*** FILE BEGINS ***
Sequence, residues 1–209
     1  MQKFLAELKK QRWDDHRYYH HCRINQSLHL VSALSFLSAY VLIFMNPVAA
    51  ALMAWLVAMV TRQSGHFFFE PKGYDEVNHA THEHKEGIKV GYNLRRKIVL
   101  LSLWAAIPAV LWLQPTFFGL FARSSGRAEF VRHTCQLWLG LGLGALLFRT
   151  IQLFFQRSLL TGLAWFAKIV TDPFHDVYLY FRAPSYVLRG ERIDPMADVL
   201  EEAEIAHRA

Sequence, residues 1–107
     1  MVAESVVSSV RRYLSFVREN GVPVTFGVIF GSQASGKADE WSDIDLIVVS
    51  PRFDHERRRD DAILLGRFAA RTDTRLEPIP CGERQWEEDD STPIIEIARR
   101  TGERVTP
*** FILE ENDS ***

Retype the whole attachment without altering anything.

Sequence, residues 1–209
     1  MQKFLAELKK QRWDDHRYYH HCRINQSLHL VSALSFLSAY VLIFMNPVAA
    51  ALMAWLVAMV TRQSGHFFFE PKGYDEVNHA THEHKEGIKV GYNLRRKIVL
   101  LSLWAAIPAV LWLQPTFFGL FARSSGRAEF VRHTCQLWLG LGLGALLFRT
   151  IQLFFQRSLL TGLAWFAKIV TDPFHDVYLY FRAPSYVLRG ERIDPMADVL
   201  EEAEIAHRA

Sequence, residues 1–107
     1  MVAESVVSSV RRYLSFVREN GVPVTFGVIF GSQASGKADE WSDIDLIVVS
    51  PRFDHERRRD DAILLGRFAA RTDTRLEPIP CGERQWEEDD STPIIEIARR
   101  TGERVTP